Loading presentation...

Present Remotely

Send the link below via email or IM

Copy

Present to your audience

Start remote presentation

  • Invited audience members will follow you as you navigate and present
  • People invited to a presentation do not need a Prezi account
  • This link expires 10 minutes after you close the presentation
  • A maximum of 30 users can follow your presentation
  • Learn more about this feature in our knowledge base article

Do you really want to delete this prezi?

Neither you, nor the coeditors you shared it with will be able to recover it again.

DeleteCancel

Types of Weather

10 different types of weather and how they form.
by

Anna Bourne

on 10 November 2014

Comments (0)

Please log in to add your comment.

Report abuse

Transcript of Types of Weather

Thunderstorms
Thunderstorms are produced by cumulonimbus clouds. There needs to be moisture, warm unstable air and lift (fronts, sea breezes) in order for a thunderstorm to occur.
Hail
Hail form when thunderstorm updrafts are strong enough to water droplets well above the freezing level. This freezing process forms a hailstone, which falls from the sky as precipitation.
Blizzards
Cold air below freezing is needed to make snow. Then moisture and warm, rising air is needed to form clouds and precipitation. When enough snow falls rapidly and violently, it forms a blizzard.
Water Spouts
A waterspout is a column of rotating, cloud-filled wind. A waterspout descends from a cumulus cloud to an ocean or a lake. The water inside a waterspout is formed by condensation in the cloud.
Freezing Rain
Freezing Rain happens when precipitation falls in liquid form as raindrops and immediately freezes as it hits most any surface. This can happen when the temperature is very low.
Dust Storms
The erosion of soil in one area and deposition of it in another is what causes dust storms. When dry, warm winds blow across the soil, it is carried away and collects in a dust storm.
Hurricanes
Hurricanes form over warm water and are fueled by evaporation from sea water. The atmosphere must cool off very quickly in order for one to form. Winds flow outward above the storm allowing the air below to rise.
Snow
Snow is formed when temperatures are low and there is moisture - in the form of tiny ice crystals - in the atmosphere. When these tiny ice crystals collide they stick together in clouds to become snowflakes. If enough ice crystals stick together, they'll become heavy enough to fall to the ground.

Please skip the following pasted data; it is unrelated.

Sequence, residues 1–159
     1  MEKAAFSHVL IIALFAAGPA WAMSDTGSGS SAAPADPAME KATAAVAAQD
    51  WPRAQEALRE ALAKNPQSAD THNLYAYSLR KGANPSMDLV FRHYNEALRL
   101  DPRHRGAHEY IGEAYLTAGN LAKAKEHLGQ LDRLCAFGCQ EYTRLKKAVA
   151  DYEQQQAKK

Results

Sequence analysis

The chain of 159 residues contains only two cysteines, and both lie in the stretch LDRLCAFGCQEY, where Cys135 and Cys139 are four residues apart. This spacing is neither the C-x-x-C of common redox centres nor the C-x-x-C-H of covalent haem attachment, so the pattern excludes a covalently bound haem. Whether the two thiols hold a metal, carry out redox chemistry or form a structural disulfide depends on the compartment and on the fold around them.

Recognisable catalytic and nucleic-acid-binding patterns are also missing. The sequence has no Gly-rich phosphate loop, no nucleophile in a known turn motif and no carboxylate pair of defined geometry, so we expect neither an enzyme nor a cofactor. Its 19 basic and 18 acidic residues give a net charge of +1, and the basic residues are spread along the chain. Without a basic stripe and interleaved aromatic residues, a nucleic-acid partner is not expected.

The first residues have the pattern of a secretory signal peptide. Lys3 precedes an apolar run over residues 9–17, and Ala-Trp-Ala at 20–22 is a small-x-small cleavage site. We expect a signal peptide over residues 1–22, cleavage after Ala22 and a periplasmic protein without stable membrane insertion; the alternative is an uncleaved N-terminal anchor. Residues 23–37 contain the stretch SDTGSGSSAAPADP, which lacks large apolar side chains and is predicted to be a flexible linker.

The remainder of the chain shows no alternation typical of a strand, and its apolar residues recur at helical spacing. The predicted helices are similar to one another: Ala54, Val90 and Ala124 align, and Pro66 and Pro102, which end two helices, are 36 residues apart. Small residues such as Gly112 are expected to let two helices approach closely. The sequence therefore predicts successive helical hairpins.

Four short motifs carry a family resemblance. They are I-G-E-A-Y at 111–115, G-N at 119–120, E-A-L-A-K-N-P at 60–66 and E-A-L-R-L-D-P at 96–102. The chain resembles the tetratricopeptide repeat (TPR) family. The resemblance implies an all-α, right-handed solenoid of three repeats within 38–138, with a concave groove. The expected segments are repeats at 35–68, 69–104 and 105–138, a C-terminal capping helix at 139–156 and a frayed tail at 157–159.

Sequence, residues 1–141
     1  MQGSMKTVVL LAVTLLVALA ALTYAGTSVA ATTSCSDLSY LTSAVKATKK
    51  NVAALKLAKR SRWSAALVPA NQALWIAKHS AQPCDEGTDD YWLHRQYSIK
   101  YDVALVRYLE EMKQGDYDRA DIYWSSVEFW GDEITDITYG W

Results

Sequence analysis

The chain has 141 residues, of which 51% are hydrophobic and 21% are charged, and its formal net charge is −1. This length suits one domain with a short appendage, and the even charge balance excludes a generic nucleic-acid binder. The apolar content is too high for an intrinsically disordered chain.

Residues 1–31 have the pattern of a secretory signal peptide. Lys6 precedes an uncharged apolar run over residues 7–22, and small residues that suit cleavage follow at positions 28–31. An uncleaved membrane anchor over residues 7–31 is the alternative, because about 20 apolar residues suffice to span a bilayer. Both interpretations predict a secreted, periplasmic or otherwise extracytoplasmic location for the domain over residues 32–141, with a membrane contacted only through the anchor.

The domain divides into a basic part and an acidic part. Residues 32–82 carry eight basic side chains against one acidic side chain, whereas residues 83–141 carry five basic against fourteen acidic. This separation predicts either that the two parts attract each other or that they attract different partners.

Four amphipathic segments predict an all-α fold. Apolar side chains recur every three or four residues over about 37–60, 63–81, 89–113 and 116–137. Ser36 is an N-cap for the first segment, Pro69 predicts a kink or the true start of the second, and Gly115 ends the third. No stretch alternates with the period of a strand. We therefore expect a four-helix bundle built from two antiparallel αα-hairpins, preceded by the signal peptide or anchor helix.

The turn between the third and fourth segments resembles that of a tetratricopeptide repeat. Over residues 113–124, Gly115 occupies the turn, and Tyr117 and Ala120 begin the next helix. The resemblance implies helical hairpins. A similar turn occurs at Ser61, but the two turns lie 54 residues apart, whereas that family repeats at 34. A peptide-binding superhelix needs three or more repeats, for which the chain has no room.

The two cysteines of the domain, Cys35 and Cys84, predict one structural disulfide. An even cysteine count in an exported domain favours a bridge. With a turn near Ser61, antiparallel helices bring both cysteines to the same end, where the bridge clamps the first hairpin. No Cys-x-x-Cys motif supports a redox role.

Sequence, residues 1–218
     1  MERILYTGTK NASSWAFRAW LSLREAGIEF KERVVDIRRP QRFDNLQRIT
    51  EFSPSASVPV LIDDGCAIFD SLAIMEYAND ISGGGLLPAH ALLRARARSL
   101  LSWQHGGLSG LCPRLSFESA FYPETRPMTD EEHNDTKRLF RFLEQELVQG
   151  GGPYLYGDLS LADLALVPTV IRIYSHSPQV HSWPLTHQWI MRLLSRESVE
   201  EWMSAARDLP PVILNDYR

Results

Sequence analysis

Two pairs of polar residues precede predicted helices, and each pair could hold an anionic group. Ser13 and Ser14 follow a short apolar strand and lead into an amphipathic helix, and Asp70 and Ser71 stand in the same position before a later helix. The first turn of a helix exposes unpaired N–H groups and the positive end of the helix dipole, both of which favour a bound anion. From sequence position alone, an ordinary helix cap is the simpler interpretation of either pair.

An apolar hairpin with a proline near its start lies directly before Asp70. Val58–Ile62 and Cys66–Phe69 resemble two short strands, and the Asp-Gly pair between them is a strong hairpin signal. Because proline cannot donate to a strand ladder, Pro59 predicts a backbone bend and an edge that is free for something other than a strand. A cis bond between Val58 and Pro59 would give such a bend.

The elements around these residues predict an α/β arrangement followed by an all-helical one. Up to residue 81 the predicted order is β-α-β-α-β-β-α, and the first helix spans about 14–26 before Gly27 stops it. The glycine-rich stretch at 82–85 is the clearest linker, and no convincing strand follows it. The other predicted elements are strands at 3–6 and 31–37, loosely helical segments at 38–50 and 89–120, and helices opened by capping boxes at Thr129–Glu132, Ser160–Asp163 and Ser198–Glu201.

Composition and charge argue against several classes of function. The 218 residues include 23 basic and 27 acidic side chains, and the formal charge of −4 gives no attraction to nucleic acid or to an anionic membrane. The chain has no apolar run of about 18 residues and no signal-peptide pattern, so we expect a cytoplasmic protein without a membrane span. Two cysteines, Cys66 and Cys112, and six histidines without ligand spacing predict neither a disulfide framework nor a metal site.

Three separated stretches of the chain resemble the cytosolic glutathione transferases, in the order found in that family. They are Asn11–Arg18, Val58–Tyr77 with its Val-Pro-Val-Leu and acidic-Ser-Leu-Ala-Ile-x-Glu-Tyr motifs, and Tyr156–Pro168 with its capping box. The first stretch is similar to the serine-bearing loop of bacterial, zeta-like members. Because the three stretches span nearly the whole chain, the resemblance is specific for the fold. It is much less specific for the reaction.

Types of Weather
Tornadoes
Most tornadoes form from thunderstorms. You need warm, moist air from the Gulf of Mexico and cool, dry air from Canada. A change in wind direction and an increase in wind speed with increasing height creates an invisible, horizontal spinning effect in the lower atmosphere.
Fog
Fog forms when cool air passes over a warm body of water or moist land. In general we see that fog is formed whenever there is a temperature difference between the ground and the air. When the humidity is high enough and there is enough moisture, we see fog.
Bibliography/URLs
http://www.weatherwizkids.com/
https://eo.ucar.edu/kids/dangerwx/blizzard3.htm
http://education.nationalgeographic.com/education/encyclopedia/waterspout/?ar_a=1
http://www.metoffice.gov.uk/learning/snow/how-is-snow-formed
http://weather.about.com/od/winterweather/f/FreezingRain.htm
http://www.universetoday.com/85349/how-does-fog-form/

Tornado
http://lostandtwentysomething.files.wordpress.com/2013/04/tornado.png
Thunderstorm
http://media.harnesslink.mycms.co.nz/files/w400h320/66773/Thunderstorm.png
Freezing Rain
http://2.bp.blogspot.com/-fUkuCH3Tctc/UPvMwXYUttI/AAAAAAAAQe8/_Bg4MhgWYfg/s1600/011813+-+Result+of+Freezing+Rain+Before+The+Fast+&+Furious+Snow+-+Norton+Area+-+Roddy+Addington+PNG.png
Water Spout
http://images.sodahead.com/polls/003334229/Waterspout-at-Batemans-Bay-93296800535_xlarge.png
Fog
http://www.dougblackie.com/wp-content/uploads/2014/03/fog.jpg
Images

Dust Storm
http://www.vizrt.com/news/30629/sandstorm.png/alternates/w940up/sandstorm.png
Hurricane
http://weblogs.sun-sentinel.com/news/weather/hurricane/blog/hurricanewater-thumb.png
Snow
http://www.oliec.com/wp-content/uploads/2012/11/Snowscape.png
Full transcript